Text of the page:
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Yankees offense thriving against top-end pitchers this season

KANSAS CITY, Mo. — The Yankees hit two home runs and a big blowout Sunday against the Dodgers’ Tyler Glasnow, who allowed a season-high-tying eight hits and five runs over six innings.

On Monday, the Yankees wore down Royals pitcher Seth Lugo with a single and a sacrifice fly, giving up four runs in seven innings and raising his ERA from 2.13 to 2.36.

The Yankees, who beat the Royals 10-1 on Tuesday, are not only showcasing a diverse offensive style, but also finding ways to navigate some of the best pitchers in baseball.

Trent Grisham’s three-run homer off Tyler Glasnow in Sunday’s Yankees-Dodgers game was just one example of how the Yankees have performed well against elite starting pitchers this season. Robert Szabo (New York Post)

The Yankees entered Tuesday’s game with an .802 OPS against pitchers on teams with a winning percentage of .500 or better, clearly the best mark in baseball (the Orioles are second at .782).

Have the Yankees finally built the offensive firepower to compete against some of the best pitching staffs in the league that they’ll likely face in October?

“I hope so,” coach Aaron Boone said before Tuesday’s win at Kauffman Stadium. “Look, I think we’re a really good offensive line. I think we have a chance to be a really, really good, special offensive line.”

“[But] We don’t know what will happen. It’s only June. We still have a long way to go.”

Boone is right, but the early results are promising.

Over the past few weeks, their lineup has featured players like Logan Webb, Camilo Doval, Jordan Hicks, Dylan Cease, Bryce Miller and Luis Castillo.

Tyler Glasnow reacts after giving up a three-run homer to Trent Grisham in the Dodgers’ loss to the Yankees. Luke Hales

But there have been notable exceptions this season, including series losses to the Orioles and Dodgers, due in part to the batting struggles of Corbin Burnes and Yoshinobu Yamamoto.

Those numbers against some of the better pitchers and teams in baseball are worth keeping an eye on, as the Yankees will be hoping to build a different team than they did in years past, when their pitching offensive ability repeatedly beat underachieving pitching staffs but failed in the postseason.

Last year, the Yankees posted an OPS of just .693 against above-average pitching staffs.

Injuries were an issue, of course, but so was having a lineup dominated by powerful right-handed hitters.

Jose Trevino hit a two-run single off Seth Lugo in Monday’s Yankees-Royals game. Denny Medley – USA TODAY Sports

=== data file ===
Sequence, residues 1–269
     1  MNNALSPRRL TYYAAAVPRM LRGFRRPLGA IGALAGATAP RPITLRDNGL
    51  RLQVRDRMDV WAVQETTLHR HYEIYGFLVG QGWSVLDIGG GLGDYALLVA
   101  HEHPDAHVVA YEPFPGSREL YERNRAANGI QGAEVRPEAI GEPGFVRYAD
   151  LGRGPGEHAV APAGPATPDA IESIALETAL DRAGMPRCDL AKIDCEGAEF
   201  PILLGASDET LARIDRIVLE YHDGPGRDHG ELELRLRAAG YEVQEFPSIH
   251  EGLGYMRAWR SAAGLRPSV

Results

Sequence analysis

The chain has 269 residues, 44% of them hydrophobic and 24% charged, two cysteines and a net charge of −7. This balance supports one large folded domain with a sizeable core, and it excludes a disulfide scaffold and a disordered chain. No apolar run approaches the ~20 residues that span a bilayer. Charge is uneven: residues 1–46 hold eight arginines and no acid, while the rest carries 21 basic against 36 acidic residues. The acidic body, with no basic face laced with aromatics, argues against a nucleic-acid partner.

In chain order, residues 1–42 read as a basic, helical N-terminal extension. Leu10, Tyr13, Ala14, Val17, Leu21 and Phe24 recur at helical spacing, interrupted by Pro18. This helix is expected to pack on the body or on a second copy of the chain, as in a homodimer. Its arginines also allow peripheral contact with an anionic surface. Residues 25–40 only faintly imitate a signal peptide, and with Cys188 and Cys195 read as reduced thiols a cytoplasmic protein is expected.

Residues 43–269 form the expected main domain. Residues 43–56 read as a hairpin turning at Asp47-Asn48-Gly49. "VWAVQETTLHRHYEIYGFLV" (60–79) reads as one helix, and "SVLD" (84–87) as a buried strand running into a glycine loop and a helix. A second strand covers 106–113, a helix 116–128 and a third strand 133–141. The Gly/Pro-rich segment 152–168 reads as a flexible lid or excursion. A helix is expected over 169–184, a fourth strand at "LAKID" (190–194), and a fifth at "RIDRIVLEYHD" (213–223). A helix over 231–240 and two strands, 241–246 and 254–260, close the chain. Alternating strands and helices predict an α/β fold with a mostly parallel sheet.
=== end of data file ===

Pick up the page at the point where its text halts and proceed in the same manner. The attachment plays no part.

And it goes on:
The addition of Juan Soto was an obvious plus, but hitting coach James Rowson credited the additions of Alex Verdugo and seldom-used Trent Grisham as capable left-handers that help balance the lineup.

“When you add that type of hitter to your lineup, it definitely makes your lineup better,” Rowson said, “but you also have to see the synergy and how this group comes together and rallies, and I think that’s something special to watch.”

“We have the talent, but we also have good chemistry with the guys in this clubhouse.”

Rowson was especially proud of how his small-ball lineup, missing Aaron Judge, Giancarlo Stanton and Anthony Rizzo, took the mound against Lugo on Monday and stringed together a single and a sacrifice bunt to trouble a pitcher who has emerged as one of the league’s best.

Although the Yankees have hit the second-most home runs in the major leagues, Rowson believes the team scores in a variety of ways.

“They have the ability in their approach to not just rely on home runs. They just rely on having a consistent, good approach,” said Rowson, in his first year back as hitting coach, “and sometimes that translates into actually hitting home runs, but when it doesn’t … they’re just trying to go out there and score runs, and I think that’s a compliment to what’s going on across the entire offense.”

Their success against better pitching staffs has translated into a 17-10 record against teams with a winning percentage of .500 or better entering Tuesday.

When was the last time the Yankees hit against these teams?

Their final championship season.

In 2009, they posted an OPS of .839 against teams with a winning percentage of .500 or better.

“I think we have the makings of a really good offense and that’s proven so far,” Boone said, “but we’ve just got to keep doing it.”